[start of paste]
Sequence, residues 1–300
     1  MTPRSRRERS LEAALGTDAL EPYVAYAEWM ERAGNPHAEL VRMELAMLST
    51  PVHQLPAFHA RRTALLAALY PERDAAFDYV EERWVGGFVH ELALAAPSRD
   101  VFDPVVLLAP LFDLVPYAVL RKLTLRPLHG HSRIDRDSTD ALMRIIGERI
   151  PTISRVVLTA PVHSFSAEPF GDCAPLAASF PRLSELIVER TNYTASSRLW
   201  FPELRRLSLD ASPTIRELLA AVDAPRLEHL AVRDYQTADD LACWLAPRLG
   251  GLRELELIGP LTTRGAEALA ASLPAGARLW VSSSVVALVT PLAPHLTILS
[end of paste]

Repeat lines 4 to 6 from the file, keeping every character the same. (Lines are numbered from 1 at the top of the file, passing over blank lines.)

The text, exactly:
   101  VFDPVVLLAP LFDLVPYAVL RKLTLRPLHG HSRIDRDSTD ALMRIIGERI
   151  PTISRVVLTA PVHSFSAEPF GDCAPLAASF PRLSELIVER TNYTASSRLW
   201  FPELRRLSLD ASPTIRELLA AVDAPRLEHL AVRDYQTADD LACWLAPRLG